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why the output wave of this op-amp is not symmetric?

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cqmyg5

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op amp out put wave

Hi,

I'm studying a common cascode op-amp with CMFB(vdd=1.8v). I perform a transient simulation by inputing 5mv sine wave, the below figure is the open-loop output wave. why the output is not symmetric? the positive edge is sharp, the negative edge is flat with a little distortion. How to deal with this case?
 

thuvu

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symmetric opamp

Does the distortion goes away when you lower the frequency?
 

cqmyg5

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why is op-amp output swing saturated

thuvu said:
Does the distortion goes away when you lower the frequency?

No, when I input 100k sine wave, the distortion is still like previous wave.

and when I input 40k sine wave, it still has same result.
 

borislee

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Lower the amplitude of input and check the shape of output
 

cqmyg5

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borislee said:
Lower the amplitude of input and check the shape of output


If lower the input amplitude, its output could be beautiful sine wave, both sides are symmetric, maybe it has a tiny lean to left. please check.

I find some output wave in other papers, the wave is symmetric even if the input amplitude is large.
 

snowball

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This is because of your linear output range is not symmetric.
When you are putting in large signal, you are basically saturating the PMOS and NMOS at the output stage.
When you positive signal saturates the PMOS, your NMOS must be saturated in the same way to be symmetric. Since the PMOS and NMOS are not meant to be identical, even you design the output waveform to look the same, you will still get a big variation when you have different type of input.
 

cqmyg5

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snowball said:
This is because of your linear output range is not symmetric.
When you are putting in large signal, you are basically saturating the PMOS and NMOS at the output stage.
When you positive signal saturates the PMOS, your NMOS must be saturated in the same way to be symmetric. Since the PMOS and NMOS are not meant to be identical, even you design the output waveform to look the same, you will still get a big variation when you have different type of input.

Thanks! what you mean "different type of input"? different freq. or different amplitude? if a full differential op-amp could not output symmetric, the large output swing is useless, right?

How to design the output waveform to look the same at large input? just for simulation.
 

willyboy19

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The test/simulation condition of your setup is meaningless: the fully differential OTA is never going to be used in the open-loop structure for linear amplification, exept used as comparators (in which case you don't care about the symmetry of your output at all).

What is really important is that in close-loop configuration in your system, you need to make sure its output swing is symmetrical around its common-mode voltage, provided you have sufficient DC gain to begin with (and bandwidth as well, if AC signal is of your interest).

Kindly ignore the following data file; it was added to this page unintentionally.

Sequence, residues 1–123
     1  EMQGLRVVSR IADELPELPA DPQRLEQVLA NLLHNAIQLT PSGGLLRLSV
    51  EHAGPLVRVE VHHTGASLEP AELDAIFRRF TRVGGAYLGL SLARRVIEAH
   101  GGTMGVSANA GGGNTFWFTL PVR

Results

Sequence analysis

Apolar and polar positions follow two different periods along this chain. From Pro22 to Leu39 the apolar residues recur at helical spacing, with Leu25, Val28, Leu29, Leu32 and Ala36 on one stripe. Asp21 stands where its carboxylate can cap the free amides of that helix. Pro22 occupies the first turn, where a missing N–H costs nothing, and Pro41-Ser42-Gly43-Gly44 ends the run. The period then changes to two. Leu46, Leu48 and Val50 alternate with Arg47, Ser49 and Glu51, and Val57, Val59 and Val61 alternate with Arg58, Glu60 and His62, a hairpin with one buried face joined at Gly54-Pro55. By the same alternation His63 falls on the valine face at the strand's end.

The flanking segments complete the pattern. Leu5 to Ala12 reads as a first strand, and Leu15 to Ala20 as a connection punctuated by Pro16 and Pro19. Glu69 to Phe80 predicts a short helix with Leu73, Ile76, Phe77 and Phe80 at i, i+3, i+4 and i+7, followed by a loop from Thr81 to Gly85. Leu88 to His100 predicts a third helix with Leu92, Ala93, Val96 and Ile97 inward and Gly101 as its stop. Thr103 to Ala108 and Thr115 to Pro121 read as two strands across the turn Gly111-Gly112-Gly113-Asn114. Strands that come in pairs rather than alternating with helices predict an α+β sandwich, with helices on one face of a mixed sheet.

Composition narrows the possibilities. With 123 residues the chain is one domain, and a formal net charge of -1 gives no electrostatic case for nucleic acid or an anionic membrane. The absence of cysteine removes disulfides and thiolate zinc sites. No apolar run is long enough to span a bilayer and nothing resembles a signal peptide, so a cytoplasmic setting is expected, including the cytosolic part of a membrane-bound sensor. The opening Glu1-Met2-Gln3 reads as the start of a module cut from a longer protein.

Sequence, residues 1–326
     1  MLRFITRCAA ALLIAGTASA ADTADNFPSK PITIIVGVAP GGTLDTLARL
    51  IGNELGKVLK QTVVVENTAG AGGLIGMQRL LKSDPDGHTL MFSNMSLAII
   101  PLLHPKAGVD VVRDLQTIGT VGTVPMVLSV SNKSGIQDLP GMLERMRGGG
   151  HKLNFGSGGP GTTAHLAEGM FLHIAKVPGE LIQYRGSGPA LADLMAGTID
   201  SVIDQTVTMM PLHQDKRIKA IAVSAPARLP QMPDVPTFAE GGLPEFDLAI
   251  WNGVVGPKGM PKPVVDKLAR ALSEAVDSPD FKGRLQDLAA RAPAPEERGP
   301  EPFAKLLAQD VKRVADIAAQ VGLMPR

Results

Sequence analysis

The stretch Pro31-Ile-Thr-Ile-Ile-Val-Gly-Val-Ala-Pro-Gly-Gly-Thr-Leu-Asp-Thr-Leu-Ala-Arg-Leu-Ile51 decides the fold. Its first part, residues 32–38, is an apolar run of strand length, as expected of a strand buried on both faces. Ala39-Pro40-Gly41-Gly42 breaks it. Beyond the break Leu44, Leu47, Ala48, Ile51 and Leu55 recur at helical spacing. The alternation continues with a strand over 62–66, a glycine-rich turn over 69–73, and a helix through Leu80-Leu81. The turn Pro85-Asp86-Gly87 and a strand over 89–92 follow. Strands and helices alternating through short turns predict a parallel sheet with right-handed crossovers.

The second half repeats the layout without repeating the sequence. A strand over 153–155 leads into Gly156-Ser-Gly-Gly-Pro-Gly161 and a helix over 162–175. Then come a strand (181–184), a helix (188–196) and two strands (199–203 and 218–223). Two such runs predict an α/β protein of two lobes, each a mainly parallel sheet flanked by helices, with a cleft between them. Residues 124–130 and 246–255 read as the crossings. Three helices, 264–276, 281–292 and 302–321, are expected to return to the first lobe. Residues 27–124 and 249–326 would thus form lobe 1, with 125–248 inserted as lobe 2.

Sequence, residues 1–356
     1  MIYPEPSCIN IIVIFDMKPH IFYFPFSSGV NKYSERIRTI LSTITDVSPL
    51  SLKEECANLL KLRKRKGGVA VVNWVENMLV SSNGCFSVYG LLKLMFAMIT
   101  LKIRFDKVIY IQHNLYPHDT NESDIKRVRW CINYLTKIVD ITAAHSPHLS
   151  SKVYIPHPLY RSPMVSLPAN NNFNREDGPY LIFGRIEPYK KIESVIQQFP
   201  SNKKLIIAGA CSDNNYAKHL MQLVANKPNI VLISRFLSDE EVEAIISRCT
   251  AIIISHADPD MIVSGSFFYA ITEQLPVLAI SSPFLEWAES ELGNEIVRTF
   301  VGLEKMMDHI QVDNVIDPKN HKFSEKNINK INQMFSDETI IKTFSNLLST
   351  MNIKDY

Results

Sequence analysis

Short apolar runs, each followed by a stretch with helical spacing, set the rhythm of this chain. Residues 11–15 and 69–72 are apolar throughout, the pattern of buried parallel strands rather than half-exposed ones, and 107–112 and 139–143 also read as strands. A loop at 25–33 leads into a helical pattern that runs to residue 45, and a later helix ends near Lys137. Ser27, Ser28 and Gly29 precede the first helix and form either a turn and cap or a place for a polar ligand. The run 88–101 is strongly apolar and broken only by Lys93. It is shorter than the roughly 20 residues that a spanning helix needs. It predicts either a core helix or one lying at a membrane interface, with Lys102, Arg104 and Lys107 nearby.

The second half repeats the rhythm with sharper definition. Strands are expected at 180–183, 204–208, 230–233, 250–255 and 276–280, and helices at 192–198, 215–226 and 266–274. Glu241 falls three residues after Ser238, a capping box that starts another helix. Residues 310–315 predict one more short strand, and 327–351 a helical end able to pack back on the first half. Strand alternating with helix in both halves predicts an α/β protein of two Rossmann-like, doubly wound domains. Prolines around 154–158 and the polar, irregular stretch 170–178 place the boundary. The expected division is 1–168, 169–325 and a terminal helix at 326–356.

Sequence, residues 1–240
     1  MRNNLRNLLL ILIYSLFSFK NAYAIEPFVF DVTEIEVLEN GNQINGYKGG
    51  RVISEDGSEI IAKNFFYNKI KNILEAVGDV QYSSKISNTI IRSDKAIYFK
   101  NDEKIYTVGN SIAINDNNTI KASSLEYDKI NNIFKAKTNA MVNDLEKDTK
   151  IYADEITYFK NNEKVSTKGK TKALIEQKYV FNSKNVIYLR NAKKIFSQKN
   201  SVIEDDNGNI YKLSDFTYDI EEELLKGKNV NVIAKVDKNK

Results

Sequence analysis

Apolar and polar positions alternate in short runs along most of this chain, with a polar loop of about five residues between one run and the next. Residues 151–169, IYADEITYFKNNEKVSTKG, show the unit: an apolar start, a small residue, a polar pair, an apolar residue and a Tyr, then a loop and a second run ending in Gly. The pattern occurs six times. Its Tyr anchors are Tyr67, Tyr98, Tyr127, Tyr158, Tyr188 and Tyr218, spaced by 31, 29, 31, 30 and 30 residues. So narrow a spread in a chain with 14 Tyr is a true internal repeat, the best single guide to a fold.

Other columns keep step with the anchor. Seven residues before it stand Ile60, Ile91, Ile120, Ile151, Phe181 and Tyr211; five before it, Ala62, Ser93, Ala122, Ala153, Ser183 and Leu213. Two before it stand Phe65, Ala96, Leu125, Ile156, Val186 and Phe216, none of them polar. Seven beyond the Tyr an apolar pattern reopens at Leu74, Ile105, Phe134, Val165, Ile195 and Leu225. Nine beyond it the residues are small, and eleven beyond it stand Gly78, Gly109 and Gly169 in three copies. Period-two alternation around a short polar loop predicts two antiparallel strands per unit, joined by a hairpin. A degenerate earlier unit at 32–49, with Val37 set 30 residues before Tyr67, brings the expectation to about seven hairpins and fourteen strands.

So all the discussions above can stop now.
 

MLR67

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Sorry ,
but I didnt see any CMFB in your schematic .
Are you using one ?
 

cqmyg5

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MLR67 said:
Sorry ,
but I didnt see any CMFB in your schematic .
Are you using one ?

YES, there's resistor detector CMFB and CM voltage is 0.9v.
 

MLR67

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Ok ,
may you provide the BW and stability of your CMFB ?
I suppose you have a problem with your CMFB , but I need more informations, because when you decrease the imput amplitude of your signal , disymetry is still there.
 

cqmyg5

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MLR67 said:
Ok ,
may you provide the BW and stability of your CMFB ?
I suppose you have a problem with your CMFB , but I need more informations, because when you decrease the imput amplitude of your signal , disymetry is still there.

Thanks!, Actually by decreasing the input frequency, disymetry is still there. but by decreasing the amplitude, the disymetry is gone.

the GBW of the CMFB's op is 15MHz, phase margin is 95 degree.
 

MLR67

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In this case maybe your problem is slew rate limiting!
In this case one possible solution is to increase resistors of your CMFB.
 

rfsystem

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Independend of the doubts of others about the usage there is a simple answer to this asymmtry issue.

If the PMOS cascode current source goes out of saturation it has to first recharge the gate/source cap. I guess that the cap of the PMOS is bigger than the NMOS. The effect is stronger for higher frequencies.

Normaly you use the ouput stage only up to the saturation of the cascode. So from nonlinearity aspect the drain/bulk diode of the PMOS and NMOS cascode devices in the normal voltage operating range could have a further small effect. But his could be compensated up to higher orders by additional diode caps.

But if you using a simple diffpair as input this would limit the linearity.
 

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